Characterization of Inelastic Strain in Type 316H Austenitic Stainless Steel using Electron Backscatter Diffraction

Unnikrishnan, Rahul (2019). Characterization of Inelastic Strain in Type 316H Austenitic Stainless Steel using Electron Backscatter Diffraction. PhD thesis The Open University.



Type 316H austenitic stainless steel is widely used in the UK’s advanced gas-cooled reactors, for example in boiler components, due to its good corrosion, creep and fatigue properties at temperatures around 550°C. The influence of service conditions such as the type of loading, strain rate, load and temperature histories and the environment have to be considered in assessing the remaining safe lifetime of plant operating at high temperature, so that fatigue and creep-fatigue damage can be quantified to ensure that the material will still be able to withstand the required future loads in the creep-fatigue-damaged condition.

Electron backscatter diffraction (EBSD), which can measure crystallographic orientations in polycrystalline materials, has been used to quantify and map inelastic strains in materials in terms of metrics derived from the local orientation changes or by calculating the geometrically necessary dislocation densities. This thesis explores the potential of EBSD for characterizing localised inelastic strain from lattice orientation measurements during uniaxial stress relaxation and cyclic loading.

The study was conducted on ex-service Type 316H austenitic stainless steels, through a series of monotonic tests under tensile primary load, secondary stress relaxation and under low cycle fatigue/creep-fatigue conditions. The EBSD metrics termed kernel average misorientation (KAM), grain orientation spread (GOS), low-angle boundary fraction (LABF) and deformed grain fraction (DGF) all showed a linear variation with inelastic strain accumulation in both tensile and cyclic tests. In contrast the proportion of twin boundaries reduced with increasing inelastic strains. This study demonstrated that the development of misorientation depends on the temperature and precipitate distribution. The misorientation developed in solution annealed material was much lower than that in ex-service material. Near grain boundaries, the local misorientations were found to increase with increasing stress relaxation and cavities were identified from secondary electron images. A misorientation-based strain assessment method considering the deformed grain fraction was found to be more consistent than using mean misorientation values as this reduced the scatter associated with inhomogeneities in grain size. After tensile deformation at different strains and cyclic deformation at different strain ranges, a good correlation was found between the behaviour of different EBSD metrics and the measured mean microhardness. However, hardness measurements did not clearly detect the inelastic strain developed during stress relaxation and cyclic strain accumulation (i.e. the strain accumulated over different numbers of cycles). Scanning transmission electron microscopy showed the dislocations in tensile samples after stress relaxation to form homogeneous diffuse cell structures, and clear cell structures were also evident after cyclic deformation. The cell structures elongated to veins with further cyclic strain accumulation.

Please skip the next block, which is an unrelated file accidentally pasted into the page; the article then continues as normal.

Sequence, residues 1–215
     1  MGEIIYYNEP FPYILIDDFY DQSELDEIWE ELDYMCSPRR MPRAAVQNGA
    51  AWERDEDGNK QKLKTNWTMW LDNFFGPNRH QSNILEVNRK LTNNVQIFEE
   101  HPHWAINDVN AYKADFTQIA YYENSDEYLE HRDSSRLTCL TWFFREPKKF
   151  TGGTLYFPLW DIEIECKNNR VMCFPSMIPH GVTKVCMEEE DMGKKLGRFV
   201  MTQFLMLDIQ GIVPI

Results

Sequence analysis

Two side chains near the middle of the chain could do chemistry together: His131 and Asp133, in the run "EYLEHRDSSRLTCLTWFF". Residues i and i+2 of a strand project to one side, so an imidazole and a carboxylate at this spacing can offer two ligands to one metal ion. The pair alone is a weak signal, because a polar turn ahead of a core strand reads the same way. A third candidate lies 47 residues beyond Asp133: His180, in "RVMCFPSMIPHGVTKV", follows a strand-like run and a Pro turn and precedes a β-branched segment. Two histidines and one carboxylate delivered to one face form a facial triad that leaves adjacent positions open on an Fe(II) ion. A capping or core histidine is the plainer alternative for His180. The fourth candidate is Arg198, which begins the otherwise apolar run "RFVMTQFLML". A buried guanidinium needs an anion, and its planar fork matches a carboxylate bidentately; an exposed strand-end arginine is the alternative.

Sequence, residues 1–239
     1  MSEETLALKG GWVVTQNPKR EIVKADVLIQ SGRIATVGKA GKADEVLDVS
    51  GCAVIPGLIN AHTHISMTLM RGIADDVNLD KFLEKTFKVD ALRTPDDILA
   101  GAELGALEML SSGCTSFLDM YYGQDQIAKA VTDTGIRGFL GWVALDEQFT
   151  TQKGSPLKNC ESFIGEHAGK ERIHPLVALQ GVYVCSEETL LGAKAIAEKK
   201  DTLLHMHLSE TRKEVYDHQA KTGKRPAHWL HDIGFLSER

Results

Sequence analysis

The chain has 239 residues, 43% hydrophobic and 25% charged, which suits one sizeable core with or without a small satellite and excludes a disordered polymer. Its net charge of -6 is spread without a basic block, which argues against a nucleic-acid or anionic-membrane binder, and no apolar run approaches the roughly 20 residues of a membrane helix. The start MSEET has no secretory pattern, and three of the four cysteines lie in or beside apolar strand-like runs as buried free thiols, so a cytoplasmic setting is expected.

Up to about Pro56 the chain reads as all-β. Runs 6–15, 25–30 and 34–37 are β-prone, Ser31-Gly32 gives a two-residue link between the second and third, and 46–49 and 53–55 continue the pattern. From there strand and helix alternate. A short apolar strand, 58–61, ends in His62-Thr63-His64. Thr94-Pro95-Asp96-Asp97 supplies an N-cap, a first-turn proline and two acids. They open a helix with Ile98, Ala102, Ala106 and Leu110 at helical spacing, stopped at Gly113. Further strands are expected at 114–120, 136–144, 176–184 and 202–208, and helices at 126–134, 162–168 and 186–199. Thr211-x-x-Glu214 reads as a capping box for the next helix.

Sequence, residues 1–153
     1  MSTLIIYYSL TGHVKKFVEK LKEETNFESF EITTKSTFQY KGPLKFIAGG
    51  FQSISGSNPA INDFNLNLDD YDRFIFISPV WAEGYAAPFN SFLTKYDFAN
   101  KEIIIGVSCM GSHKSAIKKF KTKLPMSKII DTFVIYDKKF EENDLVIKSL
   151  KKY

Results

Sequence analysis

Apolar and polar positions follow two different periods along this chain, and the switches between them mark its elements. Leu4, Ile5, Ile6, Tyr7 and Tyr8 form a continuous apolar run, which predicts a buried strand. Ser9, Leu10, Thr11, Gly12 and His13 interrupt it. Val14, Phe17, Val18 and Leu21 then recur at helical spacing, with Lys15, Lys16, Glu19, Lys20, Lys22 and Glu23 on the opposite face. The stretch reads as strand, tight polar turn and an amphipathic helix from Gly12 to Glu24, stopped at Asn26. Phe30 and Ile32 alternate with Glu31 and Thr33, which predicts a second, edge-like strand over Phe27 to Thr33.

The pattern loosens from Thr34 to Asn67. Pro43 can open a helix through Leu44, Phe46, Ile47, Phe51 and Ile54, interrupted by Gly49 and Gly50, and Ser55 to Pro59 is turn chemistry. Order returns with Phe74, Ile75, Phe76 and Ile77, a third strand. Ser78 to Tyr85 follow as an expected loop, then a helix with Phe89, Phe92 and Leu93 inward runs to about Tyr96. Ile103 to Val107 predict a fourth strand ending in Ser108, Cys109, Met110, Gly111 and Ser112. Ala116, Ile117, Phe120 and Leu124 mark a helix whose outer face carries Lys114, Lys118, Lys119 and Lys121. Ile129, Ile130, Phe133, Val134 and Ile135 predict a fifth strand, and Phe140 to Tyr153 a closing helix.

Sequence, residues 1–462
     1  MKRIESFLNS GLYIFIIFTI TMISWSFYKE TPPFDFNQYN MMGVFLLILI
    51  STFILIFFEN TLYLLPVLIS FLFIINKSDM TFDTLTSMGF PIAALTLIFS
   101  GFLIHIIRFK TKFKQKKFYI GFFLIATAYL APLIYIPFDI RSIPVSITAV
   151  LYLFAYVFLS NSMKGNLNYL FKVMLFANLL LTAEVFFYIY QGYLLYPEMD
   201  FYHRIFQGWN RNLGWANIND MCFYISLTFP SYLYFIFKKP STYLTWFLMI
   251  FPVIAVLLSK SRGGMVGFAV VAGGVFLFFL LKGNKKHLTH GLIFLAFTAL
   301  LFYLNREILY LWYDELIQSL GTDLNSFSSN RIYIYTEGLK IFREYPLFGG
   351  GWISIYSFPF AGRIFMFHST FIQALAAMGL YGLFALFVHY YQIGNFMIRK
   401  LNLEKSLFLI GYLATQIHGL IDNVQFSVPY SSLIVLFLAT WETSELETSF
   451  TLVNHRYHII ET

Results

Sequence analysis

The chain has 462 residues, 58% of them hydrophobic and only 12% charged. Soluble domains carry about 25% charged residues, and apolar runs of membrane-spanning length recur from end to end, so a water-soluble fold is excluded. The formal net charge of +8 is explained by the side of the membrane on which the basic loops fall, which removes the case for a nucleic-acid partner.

Local misorientation maps were used to study the inelastic deformation around a reheat crack in an ex-service component. The EBSD misorientation maps showed good correlation with microhardness maps. Local misorientation maps showed strain accumulation along grain boundaries. Comparison with Small Angle Neutron Scattering (SANS) cavitation measurements showed that the areas with more cavities had higher local misorientations. Although stress concentration at grain boundaries is well documented, such a relationship between high local misorientation and cavitation has never been seen before in austenitic materials subject to stress relaxation.

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